Annual performance reviews are outdated. They do not provide clarity regarding an employee’s performance, moreover they can lead to disgruntled and unproductive workforce. But still many organizations are using them to conduct yearly performance evaluations. A research conducted by Gallup found that 86% of employees do not feel that their reviews provide fair picture of their performance.
In this article, we will discuss some reasons for ditching your annual performance reviews and adopt a continuous evaluation performance evaluation system.
Problems With Annual Performance Reviews
Here are some reasons why progressive organizations are letting go of their annual performance review systems and adopting a more systematic, structured, and continuous process.
1. It’s Annual
Yes, one of the problems with conducting the annual performance review is that it is annual. An entire performance review just once a year. Therefore, annual performance reviews are rightly hard to sustain. To cram an entire year’s work into a two page report or a 15 minute session seems impossible and not feasible, yet, that is how it happens, which of course leads to more issues.
An annual performance review will work when in the time leading up to the review the manager has been constantly checking in with the employees, has been offering feedback etc. When all of that doesn’t happen, and all a manager has is a day or so to prepare for the process, it is understandable that the review process might proceed in a less than favorable manner. It is easier to carry out a performance review twice a year instead of just once. It reduces the burden placed upon the manager as well as the HR and it also allows the process to be more organic, thereby reducing the chance of the entire performance review process failing.
2. It’s Not Managed Well
This is unfortunately true of most performance review processes at organizations. Organizations see the process as important but they don’t know how to make sure that is a valuable to both the employee and the manager. Performance reviews might begin at the end of the financial year, but a good performance review process has already begun much before that.
In order to make sure that the performance review process is valuable to both the employee and the manager, from the beginning, managers need to set goals and objectives, revisit those goals and objectives monthly, conduct feedback sessions frequently, and have some method to track an employee’s progress. That is how a performance review becomes valuable. Otherwise it is just another process that we carry out in an organization.
3. They Disengage Employees From Work
Rather than providing any benefit to employees, annual performance reviews can dissuade them from the path of productivity. An ideal performance evaluation system should engage and motivate employees to work and stay productive, but an inaccurate review can do a lot of harm to them.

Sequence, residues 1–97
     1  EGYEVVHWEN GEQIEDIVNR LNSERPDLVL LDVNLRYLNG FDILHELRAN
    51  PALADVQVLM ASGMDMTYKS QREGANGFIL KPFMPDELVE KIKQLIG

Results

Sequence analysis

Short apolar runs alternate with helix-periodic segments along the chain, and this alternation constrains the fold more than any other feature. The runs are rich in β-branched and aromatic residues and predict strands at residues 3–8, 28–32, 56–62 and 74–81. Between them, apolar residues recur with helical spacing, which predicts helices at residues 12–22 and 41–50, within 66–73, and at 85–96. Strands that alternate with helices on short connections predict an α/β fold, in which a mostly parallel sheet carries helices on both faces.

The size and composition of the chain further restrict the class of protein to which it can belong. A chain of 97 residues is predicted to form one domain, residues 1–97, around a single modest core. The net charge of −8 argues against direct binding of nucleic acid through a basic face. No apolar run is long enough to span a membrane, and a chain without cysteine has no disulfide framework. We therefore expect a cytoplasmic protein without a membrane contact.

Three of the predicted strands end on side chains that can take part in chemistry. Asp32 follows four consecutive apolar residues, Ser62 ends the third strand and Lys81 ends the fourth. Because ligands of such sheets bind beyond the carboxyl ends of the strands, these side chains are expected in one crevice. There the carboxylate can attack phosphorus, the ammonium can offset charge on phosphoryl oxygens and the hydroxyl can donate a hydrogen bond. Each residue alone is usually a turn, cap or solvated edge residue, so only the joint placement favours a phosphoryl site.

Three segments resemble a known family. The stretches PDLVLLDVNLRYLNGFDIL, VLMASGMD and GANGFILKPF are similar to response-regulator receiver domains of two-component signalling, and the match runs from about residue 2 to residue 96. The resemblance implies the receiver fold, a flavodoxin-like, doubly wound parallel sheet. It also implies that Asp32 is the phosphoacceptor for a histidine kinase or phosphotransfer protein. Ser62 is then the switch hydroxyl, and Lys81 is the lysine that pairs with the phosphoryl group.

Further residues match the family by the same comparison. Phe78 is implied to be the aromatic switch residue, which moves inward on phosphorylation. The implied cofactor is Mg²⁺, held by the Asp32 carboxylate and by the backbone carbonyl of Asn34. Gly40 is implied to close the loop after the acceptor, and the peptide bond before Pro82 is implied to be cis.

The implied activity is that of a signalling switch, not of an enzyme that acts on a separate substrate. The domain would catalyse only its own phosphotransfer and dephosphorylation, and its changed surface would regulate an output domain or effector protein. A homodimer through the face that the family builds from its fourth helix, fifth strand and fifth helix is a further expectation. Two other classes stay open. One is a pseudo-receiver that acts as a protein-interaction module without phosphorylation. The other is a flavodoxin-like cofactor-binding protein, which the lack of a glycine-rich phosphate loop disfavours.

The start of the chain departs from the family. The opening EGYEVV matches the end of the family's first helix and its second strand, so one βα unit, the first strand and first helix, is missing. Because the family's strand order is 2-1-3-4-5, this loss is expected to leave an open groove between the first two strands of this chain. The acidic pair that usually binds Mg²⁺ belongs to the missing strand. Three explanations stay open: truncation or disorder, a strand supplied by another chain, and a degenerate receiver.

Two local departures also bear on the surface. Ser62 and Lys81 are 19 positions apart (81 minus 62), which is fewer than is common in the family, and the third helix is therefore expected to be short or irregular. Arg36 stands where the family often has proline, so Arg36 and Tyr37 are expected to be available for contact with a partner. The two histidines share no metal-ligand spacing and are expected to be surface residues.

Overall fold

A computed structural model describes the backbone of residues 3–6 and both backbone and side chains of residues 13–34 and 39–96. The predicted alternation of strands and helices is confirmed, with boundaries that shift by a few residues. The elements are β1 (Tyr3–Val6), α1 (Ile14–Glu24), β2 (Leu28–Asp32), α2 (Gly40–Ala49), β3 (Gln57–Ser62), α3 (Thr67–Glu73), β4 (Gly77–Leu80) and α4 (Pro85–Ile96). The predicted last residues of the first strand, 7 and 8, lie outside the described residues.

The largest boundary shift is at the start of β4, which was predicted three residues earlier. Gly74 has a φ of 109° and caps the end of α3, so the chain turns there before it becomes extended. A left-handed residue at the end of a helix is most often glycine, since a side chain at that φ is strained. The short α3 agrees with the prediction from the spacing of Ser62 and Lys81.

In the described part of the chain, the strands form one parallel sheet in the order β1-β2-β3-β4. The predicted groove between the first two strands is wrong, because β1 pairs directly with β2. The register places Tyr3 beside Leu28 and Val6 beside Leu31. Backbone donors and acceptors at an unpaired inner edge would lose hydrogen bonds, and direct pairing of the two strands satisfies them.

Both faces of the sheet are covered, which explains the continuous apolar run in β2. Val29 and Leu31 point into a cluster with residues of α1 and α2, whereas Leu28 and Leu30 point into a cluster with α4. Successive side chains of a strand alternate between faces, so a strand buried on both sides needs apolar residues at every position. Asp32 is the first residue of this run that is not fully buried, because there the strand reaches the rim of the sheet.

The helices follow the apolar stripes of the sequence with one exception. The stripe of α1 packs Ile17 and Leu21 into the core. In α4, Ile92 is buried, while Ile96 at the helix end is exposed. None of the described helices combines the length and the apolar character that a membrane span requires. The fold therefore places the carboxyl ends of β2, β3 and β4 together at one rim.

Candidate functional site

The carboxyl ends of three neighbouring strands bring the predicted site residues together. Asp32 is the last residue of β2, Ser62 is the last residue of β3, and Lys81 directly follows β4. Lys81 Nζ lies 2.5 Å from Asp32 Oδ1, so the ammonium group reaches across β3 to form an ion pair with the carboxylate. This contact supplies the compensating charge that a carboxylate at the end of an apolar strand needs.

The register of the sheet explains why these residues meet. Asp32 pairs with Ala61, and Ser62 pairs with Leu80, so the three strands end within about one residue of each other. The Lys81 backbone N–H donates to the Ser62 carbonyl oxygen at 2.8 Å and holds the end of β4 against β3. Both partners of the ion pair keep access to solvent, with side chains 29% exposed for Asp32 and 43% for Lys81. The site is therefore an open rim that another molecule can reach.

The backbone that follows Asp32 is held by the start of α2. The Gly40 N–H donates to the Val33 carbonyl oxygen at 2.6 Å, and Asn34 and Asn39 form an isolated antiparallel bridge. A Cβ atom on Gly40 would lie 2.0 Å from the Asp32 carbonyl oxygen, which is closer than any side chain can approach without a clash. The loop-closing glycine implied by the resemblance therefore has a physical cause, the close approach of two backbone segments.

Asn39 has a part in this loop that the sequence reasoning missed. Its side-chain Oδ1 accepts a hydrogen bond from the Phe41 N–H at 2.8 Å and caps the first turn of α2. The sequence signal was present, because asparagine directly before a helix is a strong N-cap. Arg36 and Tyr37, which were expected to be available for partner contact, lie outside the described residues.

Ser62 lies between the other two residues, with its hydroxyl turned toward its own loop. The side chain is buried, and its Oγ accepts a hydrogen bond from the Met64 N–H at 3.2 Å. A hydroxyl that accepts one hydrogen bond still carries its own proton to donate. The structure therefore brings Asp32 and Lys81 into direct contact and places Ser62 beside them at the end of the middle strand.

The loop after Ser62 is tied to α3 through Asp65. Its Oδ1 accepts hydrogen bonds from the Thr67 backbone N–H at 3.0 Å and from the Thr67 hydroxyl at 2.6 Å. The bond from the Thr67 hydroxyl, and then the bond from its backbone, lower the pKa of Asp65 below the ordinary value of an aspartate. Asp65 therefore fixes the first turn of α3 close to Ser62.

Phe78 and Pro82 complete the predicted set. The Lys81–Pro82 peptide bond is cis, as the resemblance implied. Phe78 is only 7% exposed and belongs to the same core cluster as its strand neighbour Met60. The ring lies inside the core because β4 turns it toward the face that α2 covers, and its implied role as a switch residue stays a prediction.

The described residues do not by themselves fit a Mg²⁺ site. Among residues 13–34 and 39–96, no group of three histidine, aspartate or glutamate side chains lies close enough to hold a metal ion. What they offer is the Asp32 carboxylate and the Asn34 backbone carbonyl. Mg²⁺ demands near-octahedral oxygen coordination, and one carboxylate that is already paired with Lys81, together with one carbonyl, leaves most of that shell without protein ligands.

Recency bias is one of the culprits that lets managers assess their team members based on their most recent interaction with them. With limited time available for managers to review all their employees, it becomes apparent that they are unable to take an employee’s annual progress into consideration.
4. Interlinking Salary Hike To Performance Reviews
Often, performance reviews are linked to salary hikes, which makes the process more stressful for both employees and managers. Every employee wants to get a salary hike, but it depends on a manager’s assessment of their contribution to the organization. If managers are able to accurately gauge the performance of employees and provide them with positive reviews, they will feel motivated. Otherwise, they may end up fretting and becoming disengaged from work.
5. Inefficient Performance Evaluation Systems
The traditional performance review systems used by organizations lack continuous feedback, check-ins, and goal tracking features, which makes them inept for conducting a fair and accurate review. With the changing demands of businesses, customer personalization, and changes in working setups, such systems have become even more incompetent. The only solution available to organizations is to switch to a progressive and continuous performance management system.
Engagedly’s powerful and employee-centric performance management system allows real-time evaluation of employees and offers actionable insights to managers to develop their workforce. Its other useful features, such as 360-degree feedback, OKRs, and learning and development, aid in the overall growth and development of employees. Additionally, it helps in conducting quick surveys to understand the pulse of employees and offers interactive dashboards for quick interpretation of data.
Srikant Chellappa is the Co-Founder and CEO at Engagedly and is a passionate entrepreneur and people leader. He is an author, producer/director of 6 feature films, a music album with his band Manchester Underground, and is the host of The People Strategy Leaders Podcast. He is currently working on his next book, Ikigai at the Workplace, which is slated for release in the fall of 2023.